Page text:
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Split decisions

In times such as these, it is understandably difficult for some clients to

get excited about investing in the stockmarket. But falling interest rates

and ongoing negative comment on with-profits products mean that some of the

traditional alternatives to equity investment are not looking enormously

attractive either.

I would like to give a brief introduction to the attractions of another

product structure which to date has had fairly limited take-up in the

mainstream retail market – the split-capital investment trust. The

benefits of split funds are that they offer a variety of distinct

risk-return profiles.

Split funds are listed and their shares traded on the London Stock

Exchange. Their name arises from the fact that their share capital is split

into a number of share classes. As a public company, information on the

structure and the rights accruing to different share classes is set down in

the prospectus at launch. Post-launch information about individual funds is

not only available from the relevant fund management company but also from

the Association of Investment Trust Companies and specialist information


Split funds normally have fixed lives of five to eight years. An example

of a typical structure would be as follows:

Zero-dividend preference shares

These offer a defined payback at maturity, typically equivalent to an

annualised return of 8 to 9 per cent. They are useful for clients looking

to accumulate a lump sum at a point in the future, for example, to pay a

child&#39s university costs.

Zeros usually have first call on the assets when a fund is wound up. The

zero shareholder will see full payment of their predefined return before

any money is paid to other shareholders, making them the safest of all

share classes.

Income shares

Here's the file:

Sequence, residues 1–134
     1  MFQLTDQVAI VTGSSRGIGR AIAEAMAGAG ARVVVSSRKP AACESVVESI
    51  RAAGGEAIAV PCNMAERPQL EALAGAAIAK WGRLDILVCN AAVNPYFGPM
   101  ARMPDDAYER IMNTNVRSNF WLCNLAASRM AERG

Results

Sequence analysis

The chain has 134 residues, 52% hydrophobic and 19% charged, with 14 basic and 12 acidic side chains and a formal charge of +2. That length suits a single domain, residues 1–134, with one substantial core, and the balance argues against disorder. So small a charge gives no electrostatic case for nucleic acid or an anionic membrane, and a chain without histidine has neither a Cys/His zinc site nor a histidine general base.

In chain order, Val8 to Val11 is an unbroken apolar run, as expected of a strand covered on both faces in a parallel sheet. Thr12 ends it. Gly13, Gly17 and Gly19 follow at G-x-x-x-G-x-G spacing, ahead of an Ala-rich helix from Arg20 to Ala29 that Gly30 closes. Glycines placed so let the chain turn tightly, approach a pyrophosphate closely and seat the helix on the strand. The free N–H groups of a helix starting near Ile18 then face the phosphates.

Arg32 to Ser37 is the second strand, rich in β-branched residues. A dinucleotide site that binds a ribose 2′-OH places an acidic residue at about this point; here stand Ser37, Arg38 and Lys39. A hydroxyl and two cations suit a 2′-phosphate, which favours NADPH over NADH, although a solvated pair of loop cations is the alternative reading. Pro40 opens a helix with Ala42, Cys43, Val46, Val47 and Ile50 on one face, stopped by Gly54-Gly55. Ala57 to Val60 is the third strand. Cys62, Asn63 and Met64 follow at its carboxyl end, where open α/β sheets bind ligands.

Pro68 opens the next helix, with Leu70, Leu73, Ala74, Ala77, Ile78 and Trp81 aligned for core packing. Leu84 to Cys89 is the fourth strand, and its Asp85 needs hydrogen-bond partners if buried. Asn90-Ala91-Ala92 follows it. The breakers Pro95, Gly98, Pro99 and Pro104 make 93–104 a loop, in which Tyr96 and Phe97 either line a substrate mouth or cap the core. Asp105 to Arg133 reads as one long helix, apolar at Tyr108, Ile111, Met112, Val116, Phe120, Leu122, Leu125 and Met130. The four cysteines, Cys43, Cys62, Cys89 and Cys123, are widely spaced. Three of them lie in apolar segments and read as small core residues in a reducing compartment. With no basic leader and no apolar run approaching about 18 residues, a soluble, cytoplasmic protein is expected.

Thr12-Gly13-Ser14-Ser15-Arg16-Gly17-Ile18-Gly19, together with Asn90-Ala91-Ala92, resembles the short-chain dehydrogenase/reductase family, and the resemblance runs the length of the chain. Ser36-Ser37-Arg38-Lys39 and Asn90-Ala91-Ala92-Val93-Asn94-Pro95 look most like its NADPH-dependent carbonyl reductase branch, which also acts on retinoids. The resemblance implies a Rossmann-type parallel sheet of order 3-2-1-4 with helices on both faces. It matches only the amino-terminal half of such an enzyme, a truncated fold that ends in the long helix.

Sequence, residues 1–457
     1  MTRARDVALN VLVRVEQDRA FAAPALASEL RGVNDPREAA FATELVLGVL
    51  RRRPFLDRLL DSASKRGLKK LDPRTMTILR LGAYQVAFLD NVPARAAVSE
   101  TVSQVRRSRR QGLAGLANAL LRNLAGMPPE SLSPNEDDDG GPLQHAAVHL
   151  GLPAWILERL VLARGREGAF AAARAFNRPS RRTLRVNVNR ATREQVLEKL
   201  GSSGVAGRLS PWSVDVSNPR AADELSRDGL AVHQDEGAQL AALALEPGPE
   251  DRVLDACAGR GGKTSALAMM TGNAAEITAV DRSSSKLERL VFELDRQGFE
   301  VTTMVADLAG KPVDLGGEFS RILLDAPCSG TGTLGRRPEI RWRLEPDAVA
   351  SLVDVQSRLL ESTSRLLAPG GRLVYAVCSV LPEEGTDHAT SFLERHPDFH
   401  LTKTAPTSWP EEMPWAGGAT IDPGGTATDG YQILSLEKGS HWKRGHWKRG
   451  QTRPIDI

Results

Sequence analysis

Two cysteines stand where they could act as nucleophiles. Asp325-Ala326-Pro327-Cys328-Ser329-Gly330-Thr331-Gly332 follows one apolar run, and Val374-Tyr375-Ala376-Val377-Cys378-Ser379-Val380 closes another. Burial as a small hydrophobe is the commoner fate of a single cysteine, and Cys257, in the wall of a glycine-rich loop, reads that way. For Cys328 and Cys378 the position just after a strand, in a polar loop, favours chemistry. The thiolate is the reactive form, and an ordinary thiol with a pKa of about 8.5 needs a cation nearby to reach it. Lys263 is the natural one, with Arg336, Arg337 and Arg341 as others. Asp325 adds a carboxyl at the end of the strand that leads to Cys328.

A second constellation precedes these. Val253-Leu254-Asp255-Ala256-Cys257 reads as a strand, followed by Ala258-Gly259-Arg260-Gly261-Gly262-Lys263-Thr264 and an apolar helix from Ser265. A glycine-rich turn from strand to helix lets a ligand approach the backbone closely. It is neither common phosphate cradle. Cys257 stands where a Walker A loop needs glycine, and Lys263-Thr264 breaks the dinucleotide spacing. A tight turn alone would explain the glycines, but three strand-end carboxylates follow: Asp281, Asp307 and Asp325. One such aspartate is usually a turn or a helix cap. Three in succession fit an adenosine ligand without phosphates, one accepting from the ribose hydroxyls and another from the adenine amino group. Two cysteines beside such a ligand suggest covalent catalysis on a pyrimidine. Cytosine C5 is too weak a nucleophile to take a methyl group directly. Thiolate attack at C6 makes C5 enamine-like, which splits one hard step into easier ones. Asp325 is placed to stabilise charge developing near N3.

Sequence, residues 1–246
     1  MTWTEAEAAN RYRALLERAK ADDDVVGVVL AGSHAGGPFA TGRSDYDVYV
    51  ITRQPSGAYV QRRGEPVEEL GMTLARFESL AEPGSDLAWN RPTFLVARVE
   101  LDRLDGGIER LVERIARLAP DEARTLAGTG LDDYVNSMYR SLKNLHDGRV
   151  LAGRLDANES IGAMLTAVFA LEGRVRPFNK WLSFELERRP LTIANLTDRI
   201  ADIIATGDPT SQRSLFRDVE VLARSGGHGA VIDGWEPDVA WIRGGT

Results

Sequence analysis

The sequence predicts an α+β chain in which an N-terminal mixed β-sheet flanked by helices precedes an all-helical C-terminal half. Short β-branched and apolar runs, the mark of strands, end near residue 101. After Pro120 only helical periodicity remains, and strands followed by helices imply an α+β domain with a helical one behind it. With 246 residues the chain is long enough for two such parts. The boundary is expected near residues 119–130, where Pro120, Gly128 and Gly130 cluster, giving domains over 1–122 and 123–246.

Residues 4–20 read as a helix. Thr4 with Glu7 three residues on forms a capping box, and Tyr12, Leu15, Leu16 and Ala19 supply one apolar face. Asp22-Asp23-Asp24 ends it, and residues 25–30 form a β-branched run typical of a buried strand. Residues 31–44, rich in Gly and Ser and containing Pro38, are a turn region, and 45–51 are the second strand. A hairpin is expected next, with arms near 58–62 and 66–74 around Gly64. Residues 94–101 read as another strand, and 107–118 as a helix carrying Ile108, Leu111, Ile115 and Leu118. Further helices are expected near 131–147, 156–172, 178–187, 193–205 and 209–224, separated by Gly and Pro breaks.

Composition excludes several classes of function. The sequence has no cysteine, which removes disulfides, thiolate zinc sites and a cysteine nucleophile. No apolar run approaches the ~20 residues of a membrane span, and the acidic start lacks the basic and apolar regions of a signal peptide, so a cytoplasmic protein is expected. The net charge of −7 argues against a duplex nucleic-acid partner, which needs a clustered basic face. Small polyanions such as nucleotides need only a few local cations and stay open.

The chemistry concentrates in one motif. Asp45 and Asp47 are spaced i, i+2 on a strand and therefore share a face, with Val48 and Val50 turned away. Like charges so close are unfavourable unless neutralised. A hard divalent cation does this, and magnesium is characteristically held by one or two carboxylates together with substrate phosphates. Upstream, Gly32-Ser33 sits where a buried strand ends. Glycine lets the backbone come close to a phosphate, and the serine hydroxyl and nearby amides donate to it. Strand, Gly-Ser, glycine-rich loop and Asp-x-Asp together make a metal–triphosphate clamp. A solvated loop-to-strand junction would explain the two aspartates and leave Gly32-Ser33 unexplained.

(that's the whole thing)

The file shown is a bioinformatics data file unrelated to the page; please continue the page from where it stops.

These offer high income, typically between 7 to 9 per cent. Such an income

can be generated because all or substantially all income accrues to this

single share class. In return for this high dividend stream, investors

forgo most, if not all, capital growth. They also accept a measure of risk

since, if there is a shortfall in assets at maturity which cannot be

covered by the capital shares, then the capital returned to income

shareholders will be reduced.

Capital shares

These shares offer geared capital growth. They have no right to income but

will receive all the residual capital growth on the portfolio after the

predefined returns to the zero and income shareholders.

Capital shares are therefore the riskiest shares available within a split

fund but can generate significant growth if the underlying portfolio does

well. They may therefore be an attractive home for a small portion of a

client&#39s portfolio if there is a belief that the underlying portfolio

offers good growth prospects.

That said, when deciding to invest in these shares, it should always be

remembered that any shortfall in assets at the maturity of a fund falls on

the capital shares, so caution is required.

It should be noted that by no means all split funds have the above share

class structure. A popular alternative has just two share classes – zeros

and ordinary shares, with the latter effectively being the amalgam of the

income and capital shares described above.

As well as the share capital of a fund being split, quite often the

investment portfolio is also split. Where this is the case, there will be a

core growth portfolio investing in equities and a smaller income portfolio

investing in bonds or the income shares of other split funds. This income

portfolio helps generate a higher yield than would be possible if the fund

restricted itself purely to equities.

The risk profiles of the individual share classes obviously vary but, when

selecting a particular fund, the risk of the fund in its entirety needs to

be assessed. There are two main areas to consider.

If the equity portfolio is invested in a high-risk area, this increases

the risk across all share classes, albeit to varying degrees. Within the

income portfolio, the holding of the income shares of other split funds

(rather than corporate bonds) also introduces risk.

Many split funds gear up their exposure to the underlying assets through

use of bank debt. While this is not necessarily a bad thing, if the debt

exposure is high, it can introduce too much risk, particularly when a high

debt level is coupled with a volatile underlying investment portfolio.

Split funds are not the simplest of products but they do offer some unique

features for investors looking to diversify the risk within their

portfolio. I believe it is worth the effort to get to understand and use

these products.


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